Speeding up the implementation of PIDA for economic integration

17Jul 2019
Angel Navuri
Dar es Salaam
The Guardian
Speeding up the implementation of PIDA for economic integration

African Union Chair Abdel-Fattah El-Sisi has said that AU is looking forward to speed up the implementation of the Programme for Infrastructure Development in Africa (PIDA) in its different phases due to its important role in closing gaps, which is needed by the African Economic Integration Project.

In an interview with the Guardian recently during the 12th Summit of the African Union that was held in Niamey, Niger El-Sisi said Africa’s integration is no longer a matter of choice. Against an international backdrop of changing political and economic priorities, Africa must plot a new course for its industrialisation and economic development, using the momentum of regional integration.

For Africa, a vast continent of over 1.2 billion people, integration has considerable potential not only for promoting robust and equitable economic growth through markets, but also for reducing conflict and enhancing trade liberalisation.

"We must understand that we still have a long road and that industrial integration between African countries demands a great effort," El-Sisi told the Guardian.

During his speech, the Egyptian president called on all African countries to ratify the AfCFTA agreement.

"The more countries sign and implement the agreement, the more the benefits which will be gained from of liberalizing trade for African peoples."

President El-Sisi explained that despite the activation of AfCFTA, which will be one of the biggest trade zones of the world with a gross domestic product of $3.4 trillion, the member countries still have to acknowledge that there is a long way to go to implement the agreement and reap its benefits.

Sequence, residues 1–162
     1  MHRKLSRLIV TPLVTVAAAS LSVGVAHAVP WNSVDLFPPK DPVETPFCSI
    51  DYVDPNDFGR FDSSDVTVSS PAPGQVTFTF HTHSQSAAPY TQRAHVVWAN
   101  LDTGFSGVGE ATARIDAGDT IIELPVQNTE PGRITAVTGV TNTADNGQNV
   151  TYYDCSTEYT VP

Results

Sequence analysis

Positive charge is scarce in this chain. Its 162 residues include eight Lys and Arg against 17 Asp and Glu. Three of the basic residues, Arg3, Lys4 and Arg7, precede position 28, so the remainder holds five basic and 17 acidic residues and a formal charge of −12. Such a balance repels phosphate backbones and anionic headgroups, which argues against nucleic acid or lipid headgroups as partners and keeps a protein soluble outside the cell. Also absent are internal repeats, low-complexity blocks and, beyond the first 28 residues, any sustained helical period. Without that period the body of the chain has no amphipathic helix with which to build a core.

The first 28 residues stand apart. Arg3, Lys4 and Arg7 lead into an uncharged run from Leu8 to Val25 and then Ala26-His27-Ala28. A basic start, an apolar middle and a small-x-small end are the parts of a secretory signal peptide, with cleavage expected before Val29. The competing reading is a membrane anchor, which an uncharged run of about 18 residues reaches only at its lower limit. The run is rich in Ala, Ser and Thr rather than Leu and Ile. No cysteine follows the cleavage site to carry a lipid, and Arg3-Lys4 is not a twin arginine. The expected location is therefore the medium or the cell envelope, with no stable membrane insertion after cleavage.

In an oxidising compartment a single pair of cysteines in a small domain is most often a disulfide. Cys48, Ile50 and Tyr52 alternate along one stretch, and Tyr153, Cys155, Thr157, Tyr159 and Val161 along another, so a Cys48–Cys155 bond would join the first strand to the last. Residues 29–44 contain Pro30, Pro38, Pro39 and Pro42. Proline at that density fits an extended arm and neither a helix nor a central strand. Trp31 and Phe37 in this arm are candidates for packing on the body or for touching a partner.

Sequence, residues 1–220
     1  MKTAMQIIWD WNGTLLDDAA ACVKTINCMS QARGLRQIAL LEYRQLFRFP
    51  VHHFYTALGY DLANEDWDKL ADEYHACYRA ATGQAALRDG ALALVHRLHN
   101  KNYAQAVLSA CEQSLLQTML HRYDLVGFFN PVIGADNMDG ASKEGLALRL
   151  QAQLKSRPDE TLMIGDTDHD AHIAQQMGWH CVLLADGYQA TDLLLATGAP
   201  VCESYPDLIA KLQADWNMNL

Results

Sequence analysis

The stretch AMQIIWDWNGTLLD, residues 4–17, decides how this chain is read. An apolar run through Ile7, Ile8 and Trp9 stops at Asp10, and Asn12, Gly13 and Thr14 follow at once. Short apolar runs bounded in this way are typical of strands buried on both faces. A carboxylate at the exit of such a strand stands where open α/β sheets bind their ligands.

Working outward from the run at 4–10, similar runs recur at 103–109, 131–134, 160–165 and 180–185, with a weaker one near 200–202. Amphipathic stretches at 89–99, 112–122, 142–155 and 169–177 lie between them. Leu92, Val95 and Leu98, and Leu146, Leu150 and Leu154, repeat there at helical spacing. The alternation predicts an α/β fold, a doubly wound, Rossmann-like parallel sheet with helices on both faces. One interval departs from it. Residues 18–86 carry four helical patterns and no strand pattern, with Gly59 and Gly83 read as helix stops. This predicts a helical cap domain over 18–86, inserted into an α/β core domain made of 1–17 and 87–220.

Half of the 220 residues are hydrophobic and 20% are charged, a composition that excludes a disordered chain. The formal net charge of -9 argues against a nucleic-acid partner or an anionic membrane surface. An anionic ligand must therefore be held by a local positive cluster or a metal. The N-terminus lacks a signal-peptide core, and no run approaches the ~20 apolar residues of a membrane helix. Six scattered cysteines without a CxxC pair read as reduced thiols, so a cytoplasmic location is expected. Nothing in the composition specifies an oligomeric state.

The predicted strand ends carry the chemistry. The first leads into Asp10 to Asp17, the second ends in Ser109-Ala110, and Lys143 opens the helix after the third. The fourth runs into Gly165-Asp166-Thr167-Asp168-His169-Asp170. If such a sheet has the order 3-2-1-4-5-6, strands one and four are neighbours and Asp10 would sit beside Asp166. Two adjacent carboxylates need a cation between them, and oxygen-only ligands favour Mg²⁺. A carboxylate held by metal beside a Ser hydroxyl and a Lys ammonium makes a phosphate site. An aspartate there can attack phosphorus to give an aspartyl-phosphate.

El-Sisi said that more effort is needed to liberalise trade in commodities and services, while providing the necessary insurance and creating a favourable investment climate.

He pointed at the importance of continued talks for the agreement's second phase, which intends to achieve the continent's goals for development and progress.

"We will work on reviewing a vision for the executive stage [of the agreement] to boost intraregional trade and remove customs and non-customs obstacles," he said.

He added that the member countries "will present the progress accomplished in complementary trade negotiations, the aim of which is to issue the necessary decisions to overcome hurdles which face us in our path to achieve the agreement's goals."

According to reports Regional integration is often seen as less relevant for resource-rich countries, since demand for commodities typically comes from the global market rather than from regional demand.

Regional integration in Africa, however, can play a vital role in diversifying economies away from dependence on the export of just a few mineral products; in delivering food and energy security; in generating jobs for the increasing number of young people; and in alleviating poverty and delivering shared prosperity.

Therefore to accelerate the integration, the priority of economic integration must be balanced by those of social, cultural and political integration. Policy instruments, especially for overlapping REC member nations, need to be harmonised. Currently, weak enforcement of existing treaties and non-tariff barriers continue to hinder free movement of goods, services and persons across borders.

According to reports with Nigeria and Benin's signatures, 54 of the 55 AU member countries have now signed onto the deal, with Eritrea the only holdout.

Around 4,500 delegates and guests – including 32 heads of state and more than 100 ministers – attended the AU summit in Niamey.

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